Part 2 Cooking for my Childhood Friends
“As I dropped the pasta in the pot of boiling water I called out to my friends, “How do you want the pasta cooked?” I was wincing waiting for the answer. They all matter-of-factly answered together, “al dente!” My heart leaped for joy as I realized they have come a long way from when I first met them 50 years ago!
Growing up in Hyde Park so many years ago, I was always taken aback whenever pasta was served. I am not talking the way it was served in the school cafeteria. They did have a lot of children to serve! But I could never bring myself to eat the school cafeteria pasta. Depending on whom the lunch lady was, the spaghetti varied between, large worm- like spaghetti swirling on my plate with runny sauce or it was scooped out with an ice cream scoop.
Even the neighborhood deli always had cooked pasta with sauce in their display case. I often rode my bike to the corner store with my friends to get candy. I would find myself looking on with curiosity when the deli man scooped up cold pasta mixed with sauce into containers. Watching him squish down the pasta to make room for more, I shuddered as the soft pasta flattened into a pudding like consistency. I just couldn’t understand why someone would want to eat that mush!
One day I had an opportunity to watch neighbor-hood mom cook pasta and I began to understand this phenomenon. When we made pasta at home it was always well attended to. Meaning when you dropped the pasta in the boiling water my mom stood by stirring and checking when the pasta was done. Just when my mom thought it was ready she would take it out blow on it and would hand it to me. I had the privilege to tell her when it was “al dente”. “Al dente” was when it was just short of being fully cooked through, firm but not soft. The pasta was then immediately drained and plated into individual plates which was served right away. We actually had an assembly line to the table to speed up the process.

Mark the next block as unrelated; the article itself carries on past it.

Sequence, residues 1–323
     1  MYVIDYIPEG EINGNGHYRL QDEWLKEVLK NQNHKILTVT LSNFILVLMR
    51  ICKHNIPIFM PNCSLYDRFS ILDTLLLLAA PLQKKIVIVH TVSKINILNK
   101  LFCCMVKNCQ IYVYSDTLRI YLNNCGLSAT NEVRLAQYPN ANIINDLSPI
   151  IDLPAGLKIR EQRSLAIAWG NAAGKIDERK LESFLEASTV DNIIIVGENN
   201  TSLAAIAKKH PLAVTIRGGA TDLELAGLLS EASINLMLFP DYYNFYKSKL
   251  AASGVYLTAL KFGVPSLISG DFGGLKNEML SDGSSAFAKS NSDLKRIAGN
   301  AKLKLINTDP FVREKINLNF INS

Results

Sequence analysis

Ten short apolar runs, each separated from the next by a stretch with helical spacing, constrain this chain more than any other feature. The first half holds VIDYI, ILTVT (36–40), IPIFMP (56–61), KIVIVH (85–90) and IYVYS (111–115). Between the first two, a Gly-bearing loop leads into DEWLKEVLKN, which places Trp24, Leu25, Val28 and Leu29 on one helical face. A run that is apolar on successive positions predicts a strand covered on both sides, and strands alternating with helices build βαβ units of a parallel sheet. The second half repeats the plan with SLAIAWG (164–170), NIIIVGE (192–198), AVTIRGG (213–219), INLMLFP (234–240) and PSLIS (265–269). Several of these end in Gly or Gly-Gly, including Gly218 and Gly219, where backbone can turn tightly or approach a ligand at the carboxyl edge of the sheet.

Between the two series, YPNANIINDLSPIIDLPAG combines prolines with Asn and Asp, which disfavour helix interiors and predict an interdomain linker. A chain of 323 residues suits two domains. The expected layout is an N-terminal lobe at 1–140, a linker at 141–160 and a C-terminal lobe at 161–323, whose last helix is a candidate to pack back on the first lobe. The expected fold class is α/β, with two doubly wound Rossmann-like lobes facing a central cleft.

When my neighbor cooked pasta, it was left in the pot boiling while she attended to other cooking. The pasta boiled and boiled. After the water was good and starchy she drained the soft limp pasta. But that wasn’t enough! She then washed the gooey pasta to make sure all the goop was rinsed away. It was then put in a large bowl with sauce. It sat while everyone slowly came to the table. Maybe that’s why cooked pasta was offered at the deli. This mush pasta took all day to make!
Years ago American pasta was not made from durum wheat. It was made from the same flour they used for soft bread. So technically it was hard to make pasta “al dente”. Besides needing a quick technique to serve pasta one also needed imported pasta from Italy made from durum wheat. Italian pasta was so much more expensive back then and not accessible to everyone.
America has come a long way. We have so many more options now and most pasta is made from durum wheat. I have to believe that my Italian family had a large part in the way pasta is served today. Well at least in Hyde Park!”
See our Pesto Sauce recipe.